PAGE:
A New Pastoral
A quarterly home cooking journal by Ann and Glenn Suokko features recipes from their kitchen and seasonal images from their home in Vermont.
Summer is not summer without a day at the beach or an outing to pick blueberries. Some years, we might miss the sun and waves at the seashore, but never miss the days in Vermont when blueberries are ripe.
The blueberry, native to North America, is a hardy shrub of the heath family. Tucked up in the hills of Woodstock where we live, a few wild, lowbush blueberry plants grow—and from them the wild animals reap the fruit before we do—but not far from home is a “pick-your-own” orchard where many acres of the North American highbush varieties flourish. In late July and early August, the bushes are laden with purple and blue, sweet, edible berries. There, on a Saturday afternoon, berry pickers of all ages, shapes, and sizes fill up their pails with the fruit and when they’ve picked enough, pay by the pound, weighing in the day’s yield on a scale in the back of the farmer’s truck. Picking blueberries is a summer tradition, a low-key affair, as well as a chance to socialize with friends and family while standing side-by-side, carefully choosing particular berries from the long rows of bushes, knowing that later at home, the glorious bounty will be transformed into jam, pies, or cakes.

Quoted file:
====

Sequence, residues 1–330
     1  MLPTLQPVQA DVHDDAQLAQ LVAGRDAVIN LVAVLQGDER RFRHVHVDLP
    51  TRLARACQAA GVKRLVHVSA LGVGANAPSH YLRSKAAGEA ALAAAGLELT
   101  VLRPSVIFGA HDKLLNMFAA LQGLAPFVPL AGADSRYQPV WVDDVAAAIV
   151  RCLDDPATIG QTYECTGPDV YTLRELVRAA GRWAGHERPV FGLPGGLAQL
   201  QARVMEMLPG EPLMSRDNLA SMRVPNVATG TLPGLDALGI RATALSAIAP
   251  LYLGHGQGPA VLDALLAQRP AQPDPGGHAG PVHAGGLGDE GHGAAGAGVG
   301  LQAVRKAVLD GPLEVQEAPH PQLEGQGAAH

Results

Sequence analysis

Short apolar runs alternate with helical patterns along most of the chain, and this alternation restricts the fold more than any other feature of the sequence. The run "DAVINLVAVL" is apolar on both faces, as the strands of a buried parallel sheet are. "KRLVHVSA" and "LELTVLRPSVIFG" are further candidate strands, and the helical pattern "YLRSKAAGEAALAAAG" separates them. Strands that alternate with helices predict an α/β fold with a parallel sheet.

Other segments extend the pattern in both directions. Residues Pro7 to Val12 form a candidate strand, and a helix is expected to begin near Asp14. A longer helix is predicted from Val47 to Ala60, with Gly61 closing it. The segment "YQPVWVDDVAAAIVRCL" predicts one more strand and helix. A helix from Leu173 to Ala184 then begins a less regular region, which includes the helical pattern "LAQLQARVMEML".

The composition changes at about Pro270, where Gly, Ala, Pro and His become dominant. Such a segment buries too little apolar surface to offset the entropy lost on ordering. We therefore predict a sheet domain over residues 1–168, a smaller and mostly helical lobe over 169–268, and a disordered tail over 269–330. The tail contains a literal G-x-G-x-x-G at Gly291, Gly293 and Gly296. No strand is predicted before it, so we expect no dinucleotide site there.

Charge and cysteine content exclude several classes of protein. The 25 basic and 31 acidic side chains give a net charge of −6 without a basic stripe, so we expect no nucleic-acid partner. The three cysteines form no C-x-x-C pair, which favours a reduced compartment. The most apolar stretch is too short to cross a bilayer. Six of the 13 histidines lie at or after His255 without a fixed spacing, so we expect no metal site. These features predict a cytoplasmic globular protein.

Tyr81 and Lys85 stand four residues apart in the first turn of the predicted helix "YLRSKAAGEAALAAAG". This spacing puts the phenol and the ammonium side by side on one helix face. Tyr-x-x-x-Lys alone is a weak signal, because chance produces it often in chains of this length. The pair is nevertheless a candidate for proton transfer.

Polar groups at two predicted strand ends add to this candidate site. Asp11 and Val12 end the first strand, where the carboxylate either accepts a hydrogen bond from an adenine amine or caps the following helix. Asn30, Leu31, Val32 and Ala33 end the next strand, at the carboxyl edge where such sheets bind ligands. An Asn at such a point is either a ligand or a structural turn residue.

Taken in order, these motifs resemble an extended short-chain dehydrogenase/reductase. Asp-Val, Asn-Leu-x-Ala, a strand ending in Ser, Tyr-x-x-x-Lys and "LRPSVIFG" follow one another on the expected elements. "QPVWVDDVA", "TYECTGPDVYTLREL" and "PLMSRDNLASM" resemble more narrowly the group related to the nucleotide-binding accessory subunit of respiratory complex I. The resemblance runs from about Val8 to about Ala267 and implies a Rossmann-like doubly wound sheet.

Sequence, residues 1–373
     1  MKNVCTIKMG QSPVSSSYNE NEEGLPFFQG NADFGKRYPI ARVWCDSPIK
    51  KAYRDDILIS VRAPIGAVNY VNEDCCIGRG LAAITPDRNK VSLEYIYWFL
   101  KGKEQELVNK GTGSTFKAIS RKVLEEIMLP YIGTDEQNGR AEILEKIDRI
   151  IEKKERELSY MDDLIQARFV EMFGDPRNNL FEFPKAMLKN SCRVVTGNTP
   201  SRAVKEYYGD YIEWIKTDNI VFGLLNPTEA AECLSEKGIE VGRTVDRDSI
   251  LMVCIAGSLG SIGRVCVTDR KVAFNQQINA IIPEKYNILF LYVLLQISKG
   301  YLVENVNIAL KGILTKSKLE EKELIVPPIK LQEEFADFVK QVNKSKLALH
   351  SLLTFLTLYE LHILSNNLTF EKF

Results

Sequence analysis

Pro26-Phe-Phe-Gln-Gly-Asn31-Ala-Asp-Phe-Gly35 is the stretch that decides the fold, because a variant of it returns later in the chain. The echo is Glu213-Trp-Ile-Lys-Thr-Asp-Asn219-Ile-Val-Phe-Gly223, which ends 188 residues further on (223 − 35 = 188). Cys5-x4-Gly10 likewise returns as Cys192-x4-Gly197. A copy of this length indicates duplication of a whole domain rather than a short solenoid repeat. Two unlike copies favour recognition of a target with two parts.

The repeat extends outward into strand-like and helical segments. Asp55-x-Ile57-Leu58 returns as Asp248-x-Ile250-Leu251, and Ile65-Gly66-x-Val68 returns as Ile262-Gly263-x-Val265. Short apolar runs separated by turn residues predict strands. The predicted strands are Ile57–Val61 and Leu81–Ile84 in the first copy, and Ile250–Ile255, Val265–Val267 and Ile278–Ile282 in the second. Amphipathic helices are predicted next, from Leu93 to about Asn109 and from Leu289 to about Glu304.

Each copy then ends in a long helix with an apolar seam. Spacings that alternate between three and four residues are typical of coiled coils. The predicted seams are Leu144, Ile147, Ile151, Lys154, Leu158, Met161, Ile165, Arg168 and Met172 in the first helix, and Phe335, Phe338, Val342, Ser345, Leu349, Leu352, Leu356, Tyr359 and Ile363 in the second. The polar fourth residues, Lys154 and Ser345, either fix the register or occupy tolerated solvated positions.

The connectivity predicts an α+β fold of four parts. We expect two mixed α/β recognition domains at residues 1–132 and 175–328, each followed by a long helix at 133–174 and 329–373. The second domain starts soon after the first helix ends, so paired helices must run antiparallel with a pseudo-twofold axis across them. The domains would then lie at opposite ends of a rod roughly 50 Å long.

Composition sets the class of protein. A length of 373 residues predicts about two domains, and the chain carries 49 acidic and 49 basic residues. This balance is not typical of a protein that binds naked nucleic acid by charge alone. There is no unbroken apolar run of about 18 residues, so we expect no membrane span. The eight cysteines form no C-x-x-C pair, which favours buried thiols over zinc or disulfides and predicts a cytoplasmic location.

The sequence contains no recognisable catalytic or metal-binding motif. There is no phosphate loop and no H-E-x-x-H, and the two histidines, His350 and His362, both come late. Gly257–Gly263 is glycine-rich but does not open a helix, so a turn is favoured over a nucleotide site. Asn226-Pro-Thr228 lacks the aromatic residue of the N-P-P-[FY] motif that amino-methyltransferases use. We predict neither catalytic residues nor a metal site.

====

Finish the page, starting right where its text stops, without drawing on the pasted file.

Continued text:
In this issue, Ann has made several delicious recipes inspired by the appealing blueberry. These days, the fruit seems to be available in grocery markets all times of the year, but there is nothing quite like waiting eleven long months for the first, fresh, taste of a sweet blueberry plucked from an abundant bush on a hot summer day. GS